December 11, 2017

Joyce FisherAt 53 years old, Joyce Singer thought her life had pretty much settled down, but one conversation with her mother changed everything.

“I signed up for State Fair on one condition,” Singer remembers. “I said, ‘I’ll make you a deal, Mom. I’ll go if it’s what makes you happy, if it’s what you want me to do, but you have to promise me that you’ll live to see me graduate.’ My mom said, ‘You graduate, and I’ll be there.’ Sure enough, last May, they wheeled her in; she was there for my graduation.”

At the time, Singer was about to become an empty nester. Her youngest son was filling out the FAFSA for the upcoming school year and her mother, who had come to live with them while battling throat cancer, was dying. Joyce filled out her own FAFSA on a whim, but the joke suddenly became real when, after a just a few hours, her application had been approved. At a crossroads, Joyce went to her mother, who still had advice to give even after cancer had taken her voice.

“I said, ‘Mom, what do I do? I always wanted to go to college. Instead, I had children. Now I have a chance, but I’m old. It’s either the smartest or the stupidest thing I’ve ever done,’” Singer remembers. “She looked at me and she mouthed the words, ‘It’s the smartest thing.’”

For many nontraditional students, going back to school is a daunting prospect. In many ways, they may feel they’ve forfeited an education for a family.

“I wound up getting married straight out of high school, which I think broke [my mother’s] heart,” Singer says. “She loves all her grandchildren, but she wanted me to go to college; she wanted me to be able to live up to my potential.”

Even with the last of her four sons leaving home, Singer wasn’t convinced she’d be able to re-acclimate to school, but her sister, a State Fair grad herself, sealed the deal.

“‘Joyce, if not now, when? If you don’t do it now, you’re never going to do it,’” Singer remembers her sister telling her. “And that’s what solidified the whole thing.”

Encouraging words didn’t make the transition any easier though.

“When I first walked into the State Fair campus on Osage Beach, I just knew everybody was staring at me. There are all these 18-, 19-year-old kids, and I looked the part of the tourist!” Singer recalls.

Over time, Singer says she surprised herself by making friends in her classes, both with students over 30 years younger than her and other nontraditional students coming back to school later in life.

The wide range of ages added a diverse mix of experiences to class discussions, which Singer says worked perfectly with State Fair’s practical, “real world” teaching style. One instructor in particular, Diana Finley, had a huge impact on Singer and her career.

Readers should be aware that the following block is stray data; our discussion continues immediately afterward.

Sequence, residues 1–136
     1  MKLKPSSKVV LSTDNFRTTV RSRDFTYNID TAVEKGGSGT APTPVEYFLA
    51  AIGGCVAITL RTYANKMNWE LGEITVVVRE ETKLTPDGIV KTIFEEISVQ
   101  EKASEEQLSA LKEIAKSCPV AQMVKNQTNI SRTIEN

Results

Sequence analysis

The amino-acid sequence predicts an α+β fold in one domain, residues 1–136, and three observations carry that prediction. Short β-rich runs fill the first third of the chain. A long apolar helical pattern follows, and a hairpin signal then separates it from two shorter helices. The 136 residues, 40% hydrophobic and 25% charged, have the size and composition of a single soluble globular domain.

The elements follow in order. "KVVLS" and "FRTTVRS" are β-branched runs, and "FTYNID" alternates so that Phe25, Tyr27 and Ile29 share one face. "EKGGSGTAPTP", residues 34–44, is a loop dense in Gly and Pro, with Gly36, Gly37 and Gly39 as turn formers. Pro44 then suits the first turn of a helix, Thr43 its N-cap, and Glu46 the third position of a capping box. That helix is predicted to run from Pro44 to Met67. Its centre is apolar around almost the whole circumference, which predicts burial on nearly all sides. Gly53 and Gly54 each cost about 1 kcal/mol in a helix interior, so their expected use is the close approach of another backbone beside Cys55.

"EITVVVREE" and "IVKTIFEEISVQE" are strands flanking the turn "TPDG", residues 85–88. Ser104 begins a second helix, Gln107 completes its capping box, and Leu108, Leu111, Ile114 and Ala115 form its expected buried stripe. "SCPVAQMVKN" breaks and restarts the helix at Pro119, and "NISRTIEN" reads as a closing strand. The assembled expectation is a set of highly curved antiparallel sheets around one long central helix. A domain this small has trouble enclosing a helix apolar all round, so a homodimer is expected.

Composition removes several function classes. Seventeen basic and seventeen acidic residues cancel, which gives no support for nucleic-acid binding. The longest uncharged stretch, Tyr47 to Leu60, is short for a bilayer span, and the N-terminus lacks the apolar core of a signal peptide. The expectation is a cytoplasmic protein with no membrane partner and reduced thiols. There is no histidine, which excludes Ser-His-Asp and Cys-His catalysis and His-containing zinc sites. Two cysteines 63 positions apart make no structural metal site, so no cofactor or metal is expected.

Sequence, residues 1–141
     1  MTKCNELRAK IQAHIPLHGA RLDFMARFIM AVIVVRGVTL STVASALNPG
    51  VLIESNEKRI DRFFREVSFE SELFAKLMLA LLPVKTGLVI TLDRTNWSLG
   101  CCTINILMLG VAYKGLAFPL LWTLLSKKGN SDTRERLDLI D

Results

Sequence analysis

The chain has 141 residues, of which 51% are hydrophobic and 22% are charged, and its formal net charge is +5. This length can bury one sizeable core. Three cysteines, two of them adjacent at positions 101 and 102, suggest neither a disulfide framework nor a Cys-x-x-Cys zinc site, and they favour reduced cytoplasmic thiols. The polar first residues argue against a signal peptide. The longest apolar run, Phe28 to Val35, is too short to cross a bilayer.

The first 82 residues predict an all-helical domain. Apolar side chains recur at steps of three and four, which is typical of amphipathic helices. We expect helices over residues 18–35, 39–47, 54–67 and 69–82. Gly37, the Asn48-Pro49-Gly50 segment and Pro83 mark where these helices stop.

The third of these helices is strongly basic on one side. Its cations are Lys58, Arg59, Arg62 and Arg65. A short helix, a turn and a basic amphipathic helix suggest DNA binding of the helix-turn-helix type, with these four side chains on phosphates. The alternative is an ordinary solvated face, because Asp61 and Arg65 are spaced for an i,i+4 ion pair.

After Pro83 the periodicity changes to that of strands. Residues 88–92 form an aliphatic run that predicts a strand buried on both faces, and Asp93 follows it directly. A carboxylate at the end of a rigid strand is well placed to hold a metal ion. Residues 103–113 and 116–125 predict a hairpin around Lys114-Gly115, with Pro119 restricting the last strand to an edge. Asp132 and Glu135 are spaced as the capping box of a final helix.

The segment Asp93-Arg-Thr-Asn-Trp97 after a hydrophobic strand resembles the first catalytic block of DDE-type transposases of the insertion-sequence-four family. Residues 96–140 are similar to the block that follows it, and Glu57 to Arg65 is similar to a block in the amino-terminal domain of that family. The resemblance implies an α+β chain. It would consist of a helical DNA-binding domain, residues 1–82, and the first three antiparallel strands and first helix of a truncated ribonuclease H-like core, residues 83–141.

“She knows marketing; she knows sales; she lives it,” Singer says of Finley. “You learn so much more when someone isn’t just teaching out of a book. They know what they’re talking about.”

Now Singer is getting plenty of real-world experience herself, running and marketing her own small business, Purse-Suit Designs, whose custom handbags have carved out a stylish place on Facebook.

“State Fair changed everything for the company,” Singer says. “State Fair took me from making a purse once in a while, selling them once in a blue moon, to now I’m mass producing them. I’ve sent purses to London, England, and Canada, and just two days ago, I sold a purse to a missionary going to Haiti. So one of my purses is going to Haiti. All of that has happened since I learned how to run my business.”

Now that Singer is marketing her own business, as well as her husband’s and several of their friends, the hard work and dedication are paying off. However, in the beginning, it was a risk. Starting a career from scratch instead of seeking temporary employment was a logistical and financial puzzle, but Singer and her husband have solved it together.

“It’s been a strain on him, but he’s been very supportive,” Singer says of her husband, who encouraged her to go on after graduation to pursue a bachelor’s degree at Central Methodist University.

From her mother and sister’s initial push, to her husband and sons’ standing beside her, Singer’s education has been a family-made endeavor.

“My sons have all been very supportive,” she says. They help out with Grandma so I can get my work done, but the one that impresses me the most, and means the most, is my oldest grandson. He’s 19 and he brags to all of his friends about his grandma being in college. If I didn’t do it for any other reason than to be a good role model for my children and grandchildren, it was enough.”

Story by Jackson Ingram
Summer 2017 Communications Intern
Marketing and Communications

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